Seunana, Ablanathanalba,’ [here follow further names,
then] ‘Put thyself in connection with N.N. in this matter [as to
the substance of the dream named] but if it is necessary then
bring for me N.N. hither by thy power; lord of the whole world,
fiery god, put thyself in connexion with N.N. . . . Hear me, for
I shall speak the great name, Thoth! whom each god honours,
and each demon fears, by whose command every messenger
performs his mission. Thy name answers to the seven (vowels)
a, e, ê, i, o, u, ô, iauoeêaô oueê ôia. I named thy glorious name,
the name for all needs. Put thyself in connection with N.N.,
Hidden One, God, with respect to this name, which Apollobex
also used.’&43’’
The repetitionchanting of various syllables, otherwise apparently
meaningless, was always held to be of great efficacy in
magical rites, either as holding the secret name of the powers
invoked, or of actual power in themselves. A similar practice,
japa yoga, may be found in Hinduism with the repetition of
In Atanasi’s Magic Papyrus, Spell VII directs one to place the
link of a chain upon a leaden plate, and having traced its outline,
to write around the circumference the common Gnostic
legend in Greek characters (reading both ways) continuously.
Within the circle should be written the nature of what was to be
prevented. The operation was called ‘‘The Ring of Hermes.’’
The link was then to be folded up on the leaden plate, and
thrown into the grave of one dead before his time, or else into
a disused well. After the formula was to follow in Greek ‘‘Prevent
thou such and such a person from doing such and such a
thing’’—a proof that the string of epithets all referred to the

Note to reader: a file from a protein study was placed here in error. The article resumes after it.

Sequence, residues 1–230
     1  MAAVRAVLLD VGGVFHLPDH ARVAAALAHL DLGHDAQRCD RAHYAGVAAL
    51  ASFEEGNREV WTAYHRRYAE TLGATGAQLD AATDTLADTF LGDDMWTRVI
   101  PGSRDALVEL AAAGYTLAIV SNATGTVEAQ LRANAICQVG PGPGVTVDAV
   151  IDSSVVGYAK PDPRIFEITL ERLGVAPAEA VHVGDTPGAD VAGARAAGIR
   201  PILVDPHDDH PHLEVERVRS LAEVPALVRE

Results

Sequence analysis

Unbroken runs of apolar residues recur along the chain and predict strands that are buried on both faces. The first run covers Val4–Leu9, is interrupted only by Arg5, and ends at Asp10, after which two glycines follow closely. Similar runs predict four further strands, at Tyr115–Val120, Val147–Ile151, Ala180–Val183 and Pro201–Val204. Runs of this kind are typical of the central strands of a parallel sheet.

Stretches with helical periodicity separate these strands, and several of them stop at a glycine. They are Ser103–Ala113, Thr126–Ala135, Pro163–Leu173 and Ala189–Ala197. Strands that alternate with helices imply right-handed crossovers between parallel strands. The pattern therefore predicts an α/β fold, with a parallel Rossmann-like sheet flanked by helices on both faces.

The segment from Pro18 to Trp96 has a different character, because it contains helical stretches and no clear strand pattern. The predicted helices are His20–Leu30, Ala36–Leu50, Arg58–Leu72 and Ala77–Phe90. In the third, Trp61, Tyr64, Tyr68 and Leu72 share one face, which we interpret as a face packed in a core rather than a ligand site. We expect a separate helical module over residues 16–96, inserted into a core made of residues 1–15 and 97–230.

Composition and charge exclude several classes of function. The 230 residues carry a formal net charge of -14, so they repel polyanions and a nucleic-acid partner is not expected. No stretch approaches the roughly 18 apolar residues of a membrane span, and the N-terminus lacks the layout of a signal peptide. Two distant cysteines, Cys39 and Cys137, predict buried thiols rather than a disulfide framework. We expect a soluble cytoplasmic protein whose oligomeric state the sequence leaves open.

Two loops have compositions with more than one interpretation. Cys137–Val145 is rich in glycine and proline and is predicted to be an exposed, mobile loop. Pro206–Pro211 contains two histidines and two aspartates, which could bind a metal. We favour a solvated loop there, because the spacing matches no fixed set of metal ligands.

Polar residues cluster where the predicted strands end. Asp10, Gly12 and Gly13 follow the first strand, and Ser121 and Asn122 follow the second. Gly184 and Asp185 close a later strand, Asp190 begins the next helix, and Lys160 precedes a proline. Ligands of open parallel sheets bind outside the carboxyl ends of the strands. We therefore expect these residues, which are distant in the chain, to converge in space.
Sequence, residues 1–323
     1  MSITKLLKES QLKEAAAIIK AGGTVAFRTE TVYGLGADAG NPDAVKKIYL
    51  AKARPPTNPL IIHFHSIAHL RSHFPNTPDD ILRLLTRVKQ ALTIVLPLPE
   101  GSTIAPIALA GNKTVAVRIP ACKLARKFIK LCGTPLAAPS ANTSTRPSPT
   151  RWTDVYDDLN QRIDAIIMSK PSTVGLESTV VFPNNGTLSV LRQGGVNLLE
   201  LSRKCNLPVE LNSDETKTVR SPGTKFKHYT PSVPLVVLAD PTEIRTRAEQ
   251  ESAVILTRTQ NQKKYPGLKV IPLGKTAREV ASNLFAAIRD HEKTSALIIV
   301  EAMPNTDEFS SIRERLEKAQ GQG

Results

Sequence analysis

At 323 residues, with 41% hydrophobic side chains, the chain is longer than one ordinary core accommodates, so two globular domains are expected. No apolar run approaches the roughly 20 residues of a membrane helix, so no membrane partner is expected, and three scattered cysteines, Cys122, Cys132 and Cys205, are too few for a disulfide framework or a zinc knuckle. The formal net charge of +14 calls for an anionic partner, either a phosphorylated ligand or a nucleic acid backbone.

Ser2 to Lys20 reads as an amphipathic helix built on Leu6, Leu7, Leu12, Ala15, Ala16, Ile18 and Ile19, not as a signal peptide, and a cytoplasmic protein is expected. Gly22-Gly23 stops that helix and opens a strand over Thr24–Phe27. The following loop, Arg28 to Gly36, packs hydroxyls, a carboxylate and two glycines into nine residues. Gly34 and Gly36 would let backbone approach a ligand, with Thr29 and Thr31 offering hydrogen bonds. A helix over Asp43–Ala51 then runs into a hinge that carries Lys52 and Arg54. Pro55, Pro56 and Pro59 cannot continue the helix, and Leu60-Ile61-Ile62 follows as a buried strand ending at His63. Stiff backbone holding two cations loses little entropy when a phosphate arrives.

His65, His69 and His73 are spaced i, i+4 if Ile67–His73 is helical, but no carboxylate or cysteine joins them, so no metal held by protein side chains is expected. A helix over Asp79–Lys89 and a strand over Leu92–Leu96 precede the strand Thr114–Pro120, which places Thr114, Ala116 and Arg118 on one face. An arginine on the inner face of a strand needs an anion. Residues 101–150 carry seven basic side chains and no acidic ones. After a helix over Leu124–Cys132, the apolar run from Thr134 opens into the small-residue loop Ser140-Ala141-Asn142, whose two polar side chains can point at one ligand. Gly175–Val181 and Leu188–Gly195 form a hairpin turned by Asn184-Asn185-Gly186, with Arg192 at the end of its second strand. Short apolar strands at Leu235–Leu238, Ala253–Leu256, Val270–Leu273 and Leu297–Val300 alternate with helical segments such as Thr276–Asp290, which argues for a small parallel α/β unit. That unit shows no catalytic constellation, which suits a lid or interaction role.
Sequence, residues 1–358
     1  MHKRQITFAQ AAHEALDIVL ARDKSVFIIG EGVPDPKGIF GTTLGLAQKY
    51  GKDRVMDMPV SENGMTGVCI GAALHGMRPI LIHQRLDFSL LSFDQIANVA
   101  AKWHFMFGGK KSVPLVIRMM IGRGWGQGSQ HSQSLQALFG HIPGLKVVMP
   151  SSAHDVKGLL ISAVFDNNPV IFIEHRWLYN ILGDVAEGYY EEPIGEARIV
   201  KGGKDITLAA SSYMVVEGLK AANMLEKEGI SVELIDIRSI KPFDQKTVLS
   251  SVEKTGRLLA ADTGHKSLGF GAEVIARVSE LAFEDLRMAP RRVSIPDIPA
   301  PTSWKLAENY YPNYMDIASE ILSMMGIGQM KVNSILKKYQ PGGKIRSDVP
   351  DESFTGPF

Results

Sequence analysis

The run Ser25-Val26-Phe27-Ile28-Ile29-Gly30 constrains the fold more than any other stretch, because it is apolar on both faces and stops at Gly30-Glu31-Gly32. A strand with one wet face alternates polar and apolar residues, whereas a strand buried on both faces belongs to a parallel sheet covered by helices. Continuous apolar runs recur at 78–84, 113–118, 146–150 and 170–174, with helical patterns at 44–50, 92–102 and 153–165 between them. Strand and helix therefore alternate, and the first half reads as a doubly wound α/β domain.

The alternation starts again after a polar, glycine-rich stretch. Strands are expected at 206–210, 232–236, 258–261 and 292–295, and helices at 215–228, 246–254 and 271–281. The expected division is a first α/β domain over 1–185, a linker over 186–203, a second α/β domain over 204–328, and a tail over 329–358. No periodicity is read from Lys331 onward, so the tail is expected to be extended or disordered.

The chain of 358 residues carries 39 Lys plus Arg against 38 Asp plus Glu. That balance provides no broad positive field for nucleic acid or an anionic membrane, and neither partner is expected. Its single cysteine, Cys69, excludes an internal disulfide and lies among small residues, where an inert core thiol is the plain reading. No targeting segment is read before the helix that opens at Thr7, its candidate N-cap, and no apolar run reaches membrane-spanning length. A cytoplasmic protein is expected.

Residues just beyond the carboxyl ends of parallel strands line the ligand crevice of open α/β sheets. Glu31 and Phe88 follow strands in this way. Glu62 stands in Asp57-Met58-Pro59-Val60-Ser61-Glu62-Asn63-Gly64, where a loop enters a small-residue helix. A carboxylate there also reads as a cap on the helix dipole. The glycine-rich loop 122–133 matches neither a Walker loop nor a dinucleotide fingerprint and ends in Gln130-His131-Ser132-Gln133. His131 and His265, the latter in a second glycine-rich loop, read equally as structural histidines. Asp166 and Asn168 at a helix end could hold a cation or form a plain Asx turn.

same power.
These instances might be multiplied, although much of the
Gnostic teachings were lost as the gnostic lost out in the religious
struggles of the era. Gnosticism was passed on through
the centuries in various groups usually described as heretical
groups such as the Cathars and Bogomils. It reemerged in the
late Middle Ages in alchemy and the kabala. With the rise of
Rosicrucianism and nineteenth-century Theosophy, it became
well established in the emerging pluralistic culture and has enjoyed
a new life in the New Age movement.
Many of the lost gnostic texts were recovered in 1945 in the
accidental discovery of a fourth-century gnostic library in the
Egyptian desert at Nag Hammadi. Many complete copies of
books, such as the Gospel of Truth, previously known only from
a few surviving quotes in other books, were discovered intact.
This discovery has stimulated modern gnostic studies, and one
book, The Gospel of Thomas, a collection of lost sayings attributed
to Jesus, has been adopted as holy writ by several contemporary
gnostic churches.
Doresse, Jean. The Secret Books of the Egyptian Gnostics. London
Hollis and Carter, 1960. Reprint, New York AMS Press,
Hedrick, Charles W., and Robert Hodgson, Jr., eds. Nag
Hammadi, Gnosticism, and Early Christianity. Peabody, Mass.
Hendrickson Publishers, 1986.
Lacarriere, Jacques. The Gnostics. London Peter Owen,
Mead, G. R. S. Fragments of a Faith Forgotten. London, 1931.
Reprint, New York University Books, 1964.
———. Pistis Sophia; A Gnostic Miscellany. London, 1921. Reprint,
New Hyde Park, N.Y. University Books, 1974.
Robinson, James, ed. The Nag Hammadi Library in English.
San Francisco Harper & Row, 1988.
Rudolph, Kurt. Gnosis The Nature and History of Gnosticism.
San Francisco Harper & Row, 1987.